Wisdom Q&A's

Wisdom and Mate

We have come up with a list of the most frequently asked question about Wisdom. This list is continually growing so please check back!

  • How many mates has Wisdom had?

    We know Wisdom has had at least two mates. Laysan albatross mate for life, but apparently Wisdom out-lived at least the first mate. Using Twitter and the help of the public, Wisdom's mate is now named Akeakamai, meaning 'lover of wisdom'.

  • Is is unusual for birds to breed that late in life? She's already outlived the typical lifespan for albatross.

    Laysan albatross breed their entire lives after reaching maturity (for Laysan albatross that is between 5 to 9 years old). They hatch and care for one chick at least every other year because it takes a tremendous amount of energy for them to produce and lay an egg, protect and feed a chick, a process that takes more than 7 months. It requires both healthy parents to rear a chick (which is why Wisdom and her mate switch so often after their chick hatches. Not all chicks will make it because of  threats at sea(many human caused) such as lack of food, long-line fishermen not heeding to best practices to minimize hooking seabirds, etc. Albatross do not produce multiple chicks at one time so they have to spend their entire adult life assuring their species survives.

  • What is her mate’s band number?

    He wears a red band on his left leg that reads (G000). 

  • Why was her chick named Kūkini?

    The recommended name from Office of Hawaiian Affairs (OHA) is: Kūkini. Literally meaning “messenger”, in this case the arrival of this chick and the amazing story of Wisdom both bring important messages. Traveling thousands of miles each year, albatross are indicators of the health of our oceans and face constant threats such as marine debris, irresponsible fishing practices, habitat degradation and invasive species. Wisdom and her chick are a story of perseverance and serve as messengers that remind all people of the need to work together to aloha ‘āina - care for our world.

     - Office of Hawaiian Affair’s Keola Lindsey

  • How many chicks have Wisdom and her mates reared?

     We are assuming Wisdom has raised approximately 38 chicks based on the nesting pattern of Laysan albatross. Breeding age albatross return to the island they were reared at least every other year to find their life long mate and lay one egg. From the time the egg is laid, it takes a tremendous amount of energy for parents to rear a healthy chick. They take turns incubating, tending to the nest, caring and feeding the chick and foraging for food. 

  • Regarding "The oldest known bird in the wild..." -- does mean oldest in the world or at Midway?

    Wisdom, a Laysan albatross, is the oldest known banded bird living in the wild. Because of the long standing banding program managed by the U.S. Fish and Wildlife Service (USFWS) and the Bird Banding Lab in Patuxent Maryland, we know Wisdom is the oldest banded bird still living in the wild (and still rearing chicks).

    A few years ago the oldest known bird, named Grandma, was a wandering albatross that previously nested in New Zealand. She has not been sighted for years and is presumed deceased because they ALWAYS come back to their same nest site at least every other year to breed.

  • How do albatrosses feed their chicks?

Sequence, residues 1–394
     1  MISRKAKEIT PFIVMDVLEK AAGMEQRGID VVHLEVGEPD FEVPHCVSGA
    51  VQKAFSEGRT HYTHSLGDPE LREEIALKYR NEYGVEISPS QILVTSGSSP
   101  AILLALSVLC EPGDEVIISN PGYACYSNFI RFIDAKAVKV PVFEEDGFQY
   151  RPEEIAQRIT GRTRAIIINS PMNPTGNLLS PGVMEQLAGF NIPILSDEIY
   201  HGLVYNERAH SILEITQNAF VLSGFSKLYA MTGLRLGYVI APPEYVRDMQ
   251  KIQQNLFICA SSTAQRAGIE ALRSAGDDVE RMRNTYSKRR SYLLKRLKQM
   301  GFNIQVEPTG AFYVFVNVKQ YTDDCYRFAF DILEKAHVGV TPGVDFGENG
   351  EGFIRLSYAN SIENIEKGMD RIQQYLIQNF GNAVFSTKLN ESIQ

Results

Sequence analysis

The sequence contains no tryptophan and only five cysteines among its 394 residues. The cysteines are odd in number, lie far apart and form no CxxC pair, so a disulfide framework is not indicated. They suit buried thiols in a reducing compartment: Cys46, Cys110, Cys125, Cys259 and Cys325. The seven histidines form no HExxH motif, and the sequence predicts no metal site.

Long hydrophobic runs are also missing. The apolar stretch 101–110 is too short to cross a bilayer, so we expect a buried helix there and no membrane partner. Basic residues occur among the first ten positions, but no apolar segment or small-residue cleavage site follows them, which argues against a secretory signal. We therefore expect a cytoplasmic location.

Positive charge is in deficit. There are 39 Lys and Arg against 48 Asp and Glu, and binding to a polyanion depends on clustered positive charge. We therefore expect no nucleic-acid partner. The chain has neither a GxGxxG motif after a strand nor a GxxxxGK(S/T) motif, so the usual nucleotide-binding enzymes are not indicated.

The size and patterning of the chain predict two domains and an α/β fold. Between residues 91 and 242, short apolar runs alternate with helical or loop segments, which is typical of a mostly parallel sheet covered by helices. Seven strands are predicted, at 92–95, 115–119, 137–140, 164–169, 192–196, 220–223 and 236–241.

They literally regurgitate (a.k.a. throw-up) squid, small fish and fish eggs into the mouth of their chick. They will fly hundreds of miles at sea to forage and return, sometimes weeks later, once they acquire enough food to feed their chick as well as themselves. 

  • How do we know exactly how old Wisdom is?

    Robbins estimated Wisdom to be at least five years old in 1956 when she was first banded. Albatross do not reach their breeding age until at least five years of age and most do not breed until they are around 7 years of age. This translates to: Wisdom could be much older. 

  • What is Wisdom’s band number?

    Today, she wears a stainless steel band on the left leg (1517-62900) and a field readable red plastic band on the right leg (Z333).  These bands replaced older aluminum bands that were showing signs of wear.    

  • I thought an albatross named Grandma was the oldest banded bird in the world?

    Grandma was a Northern Royal Albatross (Diomedea epomophora sanfordi) that lived until at least 61-years of age when she was last sighted with her chick.  However, she has not been sighted since and is presumed dead.  She nested in the southern hemisphere at Taiaroa Head, New Zealand. 

  • Where is Wisdom today?

    Wisdom has once again returned to Midway Atoll Refuge. She and her mate will take turns throughout the breeding season incubating the egg and then rearing the chick. When she is not on the nest, she is foraging, flying or resting on the ocean near the coast of Russia or along Alaska's Bering Sea. 

  • How long does it take an egg to hatch?

      The incubation period for Laysan albatross is anywhere for 62 to 66 days. This has been an exceptionally dry winter and other unknown factors could influence the hatching date. 

  • do albatross go through menopause?

    Biologically these birds were meant to produce one chick at least every other year once they reach breeding age (~7 years old).  Of Wisdom's ~40 chicks maybe 15 have survived despite all the threats (unfortunately some human caused too) they face at sea and that is over her 65 year breeding period. Because it takes an exhaustive effort for at least 6 months on both parents just to raise and feed one chick, nature has a way of assuring Laysan albatross never go through menopause so their species can sustain itself.

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